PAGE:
In 1999, R&B Diva Mariah Carey spoke out against media bias regarding her as a songwriter. Today, she leads the 2022 class of Billboard’s Songwriters Hall of Fame.
Mariah Carey appeared on the “Charlie Rose” show on PBS in 1999. While being interviewed, she voiced her displeasure with the media not regarding her as a songwriter. She named artists such as Sean ‘Diddy’ Combs and Jewel, who in the same publication had descriptions such as mogul, songwriter, poet, actress, etc., while her description only read “singer.”
Today, she is the most well-known artist inducted into the 51st class of Billboard’s Songwriters Hall of Fame.
The “We Belong Together” singer will be joined by other gifted songwriters such as:
Pharrell Williams & Chad Hugo of The Neptunes and Isley Brothers, Annie Lennox & Dave Stewart of Eurythmics, Steve Miller, Rick Nowels, and William “Mickey” Stevenson.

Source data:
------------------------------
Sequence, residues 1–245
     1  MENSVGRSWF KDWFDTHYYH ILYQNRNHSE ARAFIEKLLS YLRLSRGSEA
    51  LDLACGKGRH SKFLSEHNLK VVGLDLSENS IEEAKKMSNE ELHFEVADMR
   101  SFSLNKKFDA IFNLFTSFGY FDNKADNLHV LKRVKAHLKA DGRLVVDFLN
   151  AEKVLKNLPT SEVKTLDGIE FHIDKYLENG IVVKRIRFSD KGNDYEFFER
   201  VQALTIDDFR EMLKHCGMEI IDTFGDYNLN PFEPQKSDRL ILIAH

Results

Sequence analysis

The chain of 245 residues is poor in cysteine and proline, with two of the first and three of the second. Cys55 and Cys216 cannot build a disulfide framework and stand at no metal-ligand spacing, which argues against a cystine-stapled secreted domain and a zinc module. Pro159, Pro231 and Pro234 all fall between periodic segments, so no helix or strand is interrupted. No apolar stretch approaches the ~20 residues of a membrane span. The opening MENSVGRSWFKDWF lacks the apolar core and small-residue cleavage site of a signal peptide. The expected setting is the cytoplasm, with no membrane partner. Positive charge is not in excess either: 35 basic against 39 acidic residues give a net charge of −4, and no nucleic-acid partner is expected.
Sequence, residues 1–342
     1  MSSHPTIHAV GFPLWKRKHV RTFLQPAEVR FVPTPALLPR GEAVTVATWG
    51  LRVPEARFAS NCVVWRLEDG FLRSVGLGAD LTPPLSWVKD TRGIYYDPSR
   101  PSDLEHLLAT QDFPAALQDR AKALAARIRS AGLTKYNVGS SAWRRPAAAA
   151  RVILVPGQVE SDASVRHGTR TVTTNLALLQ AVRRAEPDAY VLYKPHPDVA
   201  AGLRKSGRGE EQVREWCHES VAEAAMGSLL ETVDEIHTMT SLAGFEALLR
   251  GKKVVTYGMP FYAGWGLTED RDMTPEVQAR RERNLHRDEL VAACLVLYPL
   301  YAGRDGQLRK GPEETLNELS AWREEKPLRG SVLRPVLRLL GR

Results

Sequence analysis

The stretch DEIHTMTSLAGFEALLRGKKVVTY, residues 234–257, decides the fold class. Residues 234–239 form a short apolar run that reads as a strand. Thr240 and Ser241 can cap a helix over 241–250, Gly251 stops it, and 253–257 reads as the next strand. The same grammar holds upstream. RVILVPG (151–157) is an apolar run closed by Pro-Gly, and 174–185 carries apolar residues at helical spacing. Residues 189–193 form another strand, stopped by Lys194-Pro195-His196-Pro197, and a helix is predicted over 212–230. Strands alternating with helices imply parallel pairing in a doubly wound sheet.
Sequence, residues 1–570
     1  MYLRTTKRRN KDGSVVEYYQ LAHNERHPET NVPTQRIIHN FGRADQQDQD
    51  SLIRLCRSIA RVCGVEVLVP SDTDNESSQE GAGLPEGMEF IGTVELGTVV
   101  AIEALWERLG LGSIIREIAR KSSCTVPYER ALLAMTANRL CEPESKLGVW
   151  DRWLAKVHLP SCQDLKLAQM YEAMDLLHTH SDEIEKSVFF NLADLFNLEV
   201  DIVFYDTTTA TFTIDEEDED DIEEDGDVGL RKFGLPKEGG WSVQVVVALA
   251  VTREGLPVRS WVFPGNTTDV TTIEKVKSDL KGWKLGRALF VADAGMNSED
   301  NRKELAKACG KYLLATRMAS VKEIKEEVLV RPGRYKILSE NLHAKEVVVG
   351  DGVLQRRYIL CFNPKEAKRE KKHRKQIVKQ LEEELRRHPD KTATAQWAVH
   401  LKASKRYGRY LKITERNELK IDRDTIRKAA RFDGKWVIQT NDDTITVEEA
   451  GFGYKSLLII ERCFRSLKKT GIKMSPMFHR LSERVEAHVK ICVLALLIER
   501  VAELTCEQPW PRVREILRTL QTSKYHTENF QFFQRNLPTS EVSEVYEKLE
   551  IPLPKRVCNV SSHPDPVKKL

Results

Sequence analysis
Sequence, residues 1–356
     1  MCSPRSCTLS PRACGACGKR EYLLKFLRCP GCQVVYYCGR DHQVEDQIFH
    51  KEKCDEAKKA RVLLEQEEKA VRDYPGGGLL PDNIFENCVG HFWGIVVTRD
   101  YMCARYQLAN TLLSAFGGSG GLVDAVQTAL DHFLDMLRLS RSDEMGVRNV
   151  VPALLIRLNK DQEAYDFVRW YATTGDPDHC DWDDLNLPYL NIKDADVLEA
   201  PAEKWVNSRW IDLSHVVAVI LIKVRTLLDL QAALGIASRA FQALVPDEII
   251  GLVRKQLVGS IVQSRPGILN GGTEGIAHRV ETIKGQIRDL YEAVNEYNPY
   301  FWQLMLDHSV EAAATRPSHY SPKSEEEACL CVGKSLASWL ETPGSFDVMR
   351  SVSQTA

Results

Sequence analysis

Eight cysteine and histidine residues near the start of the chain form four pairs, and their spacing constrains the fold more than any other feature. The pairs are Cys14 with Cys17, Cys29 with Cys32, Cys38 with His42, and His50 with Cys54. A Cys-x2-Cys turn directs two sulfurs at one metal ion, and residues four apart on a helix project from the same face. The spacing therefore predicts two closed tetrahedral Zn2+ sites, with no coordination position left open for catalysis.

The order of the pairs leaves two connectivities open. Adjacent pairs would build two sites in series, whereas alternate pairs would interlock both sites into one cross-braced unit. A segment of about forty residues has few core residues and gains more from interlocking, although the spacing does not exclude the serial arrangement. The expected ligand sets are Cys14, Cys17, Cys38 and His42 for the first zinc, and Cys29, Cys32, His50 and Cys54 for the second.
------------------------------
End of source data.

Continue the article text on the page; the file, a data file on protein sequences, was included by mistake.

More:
The songwriters will be honored at a gala on Thursday (June 16) at the Marriott Marquis Hotel in New York.
On social media, Mariah has been receiving her flowers since the announcement of her leading the latest class of Billboard’s Songwriters Hall of Fame. On Twitter, one user identified as @legencarey provided 16 receipts that prove that Mariah’s induction is long overdue. She tweeted:
“16 reasons @MariahCarey absolutely deserves to be inducted into the songwriter’s hall of fame #SongwriterMariah”
Hats off to the R&B legend.
All I Want…Is Sued
Mariah Carey being inducted into the Songwriters Hall of Fame is a big win after being hit with a lawsuit for holiday smash hit “All I Want For Christmas Is You.” Hopefully, this great news brings much joy to the R&B icon.
Mariah Carey was sued for $20 million over the copyrights of the impactful 1994 hit, “All I Want For Christmas Is You.”
The lawsuit was filed by Andy Stone, who came out with his version in 1989 as a member of a country-pop group named Vince Vance & the Valiants. In the documents, he claims that the “Obsessed” singer and her co-writer Walter Afanasieff “knowingly, willfully, and intentionally engaged in a campaign to infringe Stone’s copyright for the song. They also claimed that Carey and others carried out “acts of unjust enrichment by the unauthorized appropriation of the plaintiff’s work and the goodwill associated therewith.”
The song has enjoyed success in streaming and has recently been on the Billboard charts since 2019.
As of now, Carey or her representatives have not responded to the claims in the lawsuit.